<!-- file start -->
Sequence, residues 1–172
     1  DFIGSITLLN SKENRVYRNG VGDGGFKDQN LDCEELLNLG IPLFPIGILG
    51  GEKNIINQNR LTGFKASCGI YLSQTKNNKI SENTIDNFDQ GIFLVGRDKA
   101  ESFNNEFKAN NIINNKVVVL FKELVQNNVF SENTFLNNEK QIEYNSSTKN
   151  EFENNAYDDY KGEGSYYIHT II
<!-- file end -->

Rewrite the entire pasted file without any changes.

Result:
Sequence, residues 1–172
     1  DFIGSITLLN SKENRVYRNG VGDGGFKDQN LDCEELLNLG IPLFPIGILG
    51  GEKNIINQNR LTGFKASCGI YLSQTKNNKI SENTIDNFDQ GIFLVGRDKA
   101  ESFNNEFKAN NIINNKVVVL FKELVQNNVF SENTFLNNEK QIEYNSSTKN
   151  EFENNAYDDY KGEGSYYIHT II